“Sustainable” Chocolate

What Does it Mean to be Sustainable?

Today, many companies use the term “sustainable” to describe their products or their industry. But what does it mean to be sustainable? The term is used so often that the significance has become ambiguous. According to John C. Long, the former Vice President of Corporate Affairs for Hershey’s and 2008 chairman emeritus of the World Cocoa Foundation (WCF), – he served as a representative for Hershey’s despite his retirement from the company earlier in that year – the definition of sustainability was not just ambiguous for the consumer but for the company, as well. In his article published in Wiley InterScience, From Cocoa to CSR: Finding Sustainability in a Cup of Hot Chocolate, Long states that “sustainability covers such a wide range of areas touching on all aspects of business…[it’s] hard to know where to begin” (Long 316). However, one thing is clear, Long says: “…sustainability is directly related to being able to succeed as individual businesses and industries” (Long 316). Therefore, if sustainability is tied with success, then there should be a definite definition. With the “heightened level of attention” surrounding sustainability, one would think that the definition would be exactly the same across all industries or companies within the same industry; and yet, Long, a former executive of one of the largest chocolate companies in the world, is clear that this is not the case: “…the definitions range from a narrow focus on preserving natural resources and the environment to broader quality-of-life visions encompassing economic opportunity, diversity, and access to health care” (Long 316). In either perspective, sustainability should theoretically lead to the betterment of the world and society. However, this has not been the case for the cocoa industry due to a variety of different issues: lack of understanding of the meaning and requirements to effectively create a plan for a more sustainable industry.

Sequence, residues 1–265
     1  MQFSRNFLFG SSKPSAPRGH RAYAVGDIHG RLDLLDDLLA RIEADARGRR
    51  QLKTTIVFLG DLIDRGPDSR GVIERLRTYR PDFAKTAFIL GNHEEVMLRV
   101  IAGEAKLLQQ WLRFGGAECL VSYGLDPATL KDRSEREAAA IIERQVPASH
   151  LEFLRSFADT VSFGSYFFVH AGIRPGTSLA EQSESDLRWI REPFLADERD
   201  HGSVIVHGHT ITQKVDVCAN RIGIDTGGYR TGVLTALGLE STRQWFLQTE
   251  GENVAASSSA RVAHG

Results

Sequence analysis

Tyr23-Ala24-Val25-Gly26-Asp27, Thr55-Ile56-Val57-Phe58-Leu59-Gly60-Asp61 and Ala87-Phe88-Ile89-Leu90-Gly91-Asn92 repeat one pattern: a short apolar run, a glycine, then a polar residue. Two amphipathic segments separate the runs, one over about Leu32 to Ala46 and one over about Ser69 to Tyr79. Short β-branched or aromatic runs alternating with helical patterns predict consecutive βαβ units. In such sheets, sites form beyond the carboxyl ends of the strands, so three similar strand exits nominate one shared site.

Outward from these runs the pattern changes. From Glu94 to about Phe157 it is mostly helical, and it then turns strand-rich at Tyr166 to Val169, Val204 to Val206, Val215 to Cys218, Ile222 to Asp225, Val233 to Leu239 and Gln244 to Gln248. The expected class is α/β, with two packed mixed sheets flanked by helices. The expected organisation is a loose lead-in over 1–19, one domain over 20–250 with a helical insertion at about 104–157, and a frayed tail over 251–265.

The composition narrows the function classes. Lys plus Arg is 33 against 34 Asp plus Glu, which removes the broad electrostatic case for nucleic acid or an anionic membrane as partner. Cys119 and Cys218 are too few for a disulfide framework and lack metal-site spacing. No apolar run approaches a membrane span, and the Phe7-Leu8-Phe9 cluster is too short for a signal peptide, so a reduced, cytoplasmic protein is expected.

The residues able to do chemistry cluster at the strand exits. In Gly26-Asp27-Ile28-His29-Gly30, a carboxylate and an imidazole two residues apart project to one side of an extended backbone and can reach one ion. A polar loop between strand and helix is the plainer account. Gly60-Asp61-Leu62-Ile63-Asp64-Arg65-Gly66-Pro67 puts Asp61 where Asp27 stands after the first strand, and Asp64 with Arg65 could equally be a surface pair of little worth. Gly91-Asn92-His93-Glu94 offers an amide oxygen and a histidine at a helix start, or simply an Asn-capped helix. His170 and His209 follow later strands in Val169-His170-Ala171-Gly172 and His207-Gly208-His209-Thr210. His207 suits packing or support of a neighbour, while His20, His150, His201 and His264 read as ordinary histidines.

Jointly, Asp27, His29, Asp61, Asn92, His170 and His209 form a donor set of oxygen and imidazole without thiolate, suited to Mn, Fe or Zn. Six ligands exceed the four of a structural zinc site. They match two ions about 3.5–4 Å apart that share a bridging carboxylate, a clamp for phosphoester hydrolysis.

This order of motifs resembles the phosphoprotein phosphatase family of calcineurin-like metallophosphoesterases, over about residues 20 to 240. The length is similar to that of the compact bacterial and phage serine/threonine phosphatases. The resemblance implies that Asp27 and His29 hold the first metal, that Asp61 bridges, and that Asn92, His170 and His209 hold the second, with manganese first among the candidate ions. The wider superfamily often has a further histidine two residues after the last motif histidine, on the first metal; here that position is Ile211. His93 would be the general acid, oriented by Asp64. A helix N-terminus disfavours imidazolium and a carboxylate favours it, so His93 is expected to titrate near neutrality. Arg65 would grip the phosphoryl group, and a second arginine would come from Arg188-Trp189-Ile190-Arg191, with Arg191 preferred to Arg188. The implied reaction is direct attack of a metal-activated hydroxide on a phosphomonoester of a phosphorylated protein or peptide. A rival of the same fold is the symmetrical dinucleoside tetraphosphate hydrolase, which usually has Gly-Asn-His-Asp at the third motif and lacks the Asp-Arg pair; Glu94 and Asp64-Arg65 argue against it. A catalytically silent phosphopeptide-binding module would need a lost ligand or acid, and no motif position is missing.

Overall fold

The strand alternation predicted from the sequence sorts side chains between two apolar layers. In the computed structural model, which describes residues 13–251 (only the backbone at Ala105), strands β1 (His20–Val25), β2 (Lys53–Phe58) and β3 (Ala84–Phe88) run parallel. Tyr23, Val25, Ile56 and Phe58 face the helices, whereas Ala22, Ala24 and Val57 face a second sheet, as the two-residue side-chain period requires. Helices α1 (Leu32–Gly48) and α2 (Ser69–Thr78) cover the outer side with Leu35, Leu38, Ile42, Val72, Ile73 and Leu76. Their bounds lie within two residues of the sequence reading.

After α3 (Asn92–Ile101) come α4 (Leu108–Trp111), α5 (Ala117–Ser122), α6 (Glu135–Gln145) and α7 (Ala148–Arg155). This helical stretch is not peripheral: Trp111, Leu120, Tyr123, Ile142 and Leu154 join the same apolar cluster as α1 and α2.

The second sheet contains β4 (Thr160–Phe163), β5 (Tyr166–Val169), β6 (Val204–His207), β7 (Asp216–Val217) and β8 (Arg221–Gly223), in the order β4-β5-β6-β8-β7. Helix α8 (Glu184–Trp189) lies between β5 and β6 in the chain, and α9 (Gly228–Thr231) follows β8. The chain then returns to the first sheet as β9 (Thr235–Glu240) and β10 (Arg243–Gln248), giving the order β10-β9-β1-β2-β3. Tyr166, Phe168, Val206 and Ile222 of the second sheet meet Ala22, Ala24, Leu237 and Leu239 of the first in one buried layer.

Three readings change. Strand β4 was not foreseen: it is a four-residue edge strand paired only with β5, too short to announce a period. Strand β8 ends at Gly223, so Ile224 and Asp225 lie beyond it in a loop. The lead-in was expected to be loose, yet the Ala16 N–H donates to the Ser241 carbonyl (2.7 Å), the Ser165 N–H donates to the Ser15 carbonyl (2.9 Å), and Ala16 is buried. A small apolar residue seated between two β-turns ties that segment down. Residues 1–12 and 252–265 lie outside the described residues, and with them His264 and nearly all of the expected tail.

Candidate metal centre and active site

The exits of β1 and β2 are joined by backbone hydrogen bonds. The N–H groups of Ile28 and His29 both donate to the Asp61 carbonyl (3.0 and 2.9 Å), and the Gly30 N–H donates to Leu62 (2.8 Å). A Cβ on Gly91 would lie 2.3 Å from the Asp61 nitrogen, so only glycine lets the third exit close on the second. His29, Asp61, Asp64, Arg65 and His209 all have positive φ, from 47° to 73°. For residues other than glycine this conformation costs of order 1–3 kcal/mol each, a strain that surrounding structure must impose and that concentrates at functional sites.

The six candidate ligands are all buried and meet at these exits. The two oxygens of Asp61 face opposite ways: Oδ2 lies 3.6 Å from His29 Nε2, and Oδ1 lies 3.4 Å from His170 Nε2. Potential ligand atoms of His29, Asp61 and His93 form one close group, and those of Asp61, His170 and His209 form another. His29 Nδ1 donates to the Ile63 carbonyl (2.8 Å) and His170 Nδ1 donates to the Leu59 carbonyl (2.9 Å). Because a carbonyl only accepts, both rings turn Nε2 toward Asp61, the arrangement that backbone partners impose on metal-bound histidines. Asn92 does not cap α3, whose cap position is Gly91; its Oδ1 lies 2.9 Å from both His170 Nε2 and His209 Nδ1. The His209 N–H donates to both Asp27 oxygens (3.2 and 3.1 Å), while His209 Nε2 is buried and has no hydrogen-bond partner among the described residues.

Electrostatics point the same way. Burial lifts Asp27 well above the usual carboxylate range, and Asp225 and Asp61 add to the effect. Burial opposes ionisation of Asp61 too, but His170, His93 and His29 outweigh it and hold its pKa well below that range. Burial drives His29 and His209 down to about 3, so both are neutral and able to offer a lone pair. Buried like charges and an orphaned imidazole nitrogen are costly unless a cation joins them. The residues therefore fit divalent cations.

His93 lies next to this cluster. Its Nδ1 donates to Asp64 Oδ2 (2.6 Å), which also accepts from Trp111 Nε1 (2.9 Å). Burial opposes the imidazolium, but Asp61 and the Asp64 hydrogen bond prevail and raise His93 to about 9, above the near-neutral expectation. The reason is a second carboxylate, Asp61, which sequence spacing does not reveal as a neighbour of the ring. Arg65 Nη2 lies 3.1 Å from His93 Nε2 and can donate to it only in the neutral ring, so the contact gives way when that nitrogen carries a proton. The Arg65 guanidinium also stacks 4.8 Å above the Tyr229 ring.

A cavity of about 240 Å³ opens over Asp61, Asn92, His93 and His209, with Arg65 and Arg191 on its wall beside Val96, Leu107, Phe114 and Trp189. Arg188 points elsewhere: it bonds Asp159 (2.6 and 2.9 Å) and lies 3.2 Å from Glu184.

“[it’s] hard to know where to begin” (Long 316)

The Rise in Sustainability “Awareness”

With increased consumer awareness of the concept of sustainability, companies such as Hershey Co. were quick to react and offer a plan. This concept of “‘doing well by doing good’” was quickly adopted into “mainstream business practice” (Long 315). By 2008, a survey found that “47.7 percent of companies considered sustainability and corporate responsibility an important driver of innovation” (Bonn and Fisher 5). This means that nearly 50% of companies – not specifically in the cocoa industry – found sustainability to be “an important driver of innovation” and yet there was not a definition that thoroughly explained what this concept meant in relation to industries.